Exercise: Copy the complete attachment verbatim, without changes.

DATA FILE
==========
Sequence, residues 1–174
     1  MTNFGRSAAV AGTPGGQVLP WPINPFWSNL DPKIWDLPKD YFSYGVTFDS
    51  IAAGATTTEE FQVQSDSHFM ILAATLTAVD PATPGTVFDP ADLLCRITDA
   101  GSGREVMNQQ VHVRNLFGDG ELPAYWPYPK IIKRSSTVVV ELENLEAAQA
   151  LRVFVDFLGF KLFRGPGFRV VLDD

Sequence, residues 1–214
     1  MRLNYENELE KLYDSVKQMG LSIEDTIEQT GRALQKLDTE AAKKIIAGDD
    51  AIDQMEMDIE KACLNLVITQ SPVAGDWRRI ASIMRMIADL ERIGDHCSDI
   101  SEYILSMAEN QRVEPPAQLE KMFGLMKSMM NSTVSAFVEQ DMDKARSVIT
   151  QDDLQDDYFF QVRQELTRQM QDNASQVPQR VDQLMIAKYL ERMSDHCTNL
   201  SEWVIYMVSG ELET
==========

Sequence, residues 1–174
     1  MTNFGRSAAV AGTPGGQVLP WPINPFWSNL DPKIWDLPKD YFSYGVTFDS
    51  IAAGATTTEE FQVQSDSHFM ILAATLTAVD PATPGTVFDP ADLLCRITDA
   101  GSGREVMNQQ VHVRNLFGDG ELPAYWPYPK IIKRSSTVVV ELENLEAAQA
   151  LRVFVDFLGF KLFRGPGFRV VLDD

Sequence, residues 1–214
     1  MRLNYENELE KLYDSVKQMG LSIEDTIEQT GRALQKLDTE AAKKIIAGDD
    51  AIDQMEMDIE KACLNLVITQ SPVAGDWRRI ASIMRMIADL ERIGDHCSDI
   101  SEYILSMAEN QRVEPPAQLE KMFGLMKSMM NSTVSAFVEQ DMDKARSVIT
   151  QDDLQDDYFF QVRQELTRQM QDNASQVPQR VDQLMIAKYL ERMSDHCTNL
   201  SEWVIYMVSG ELET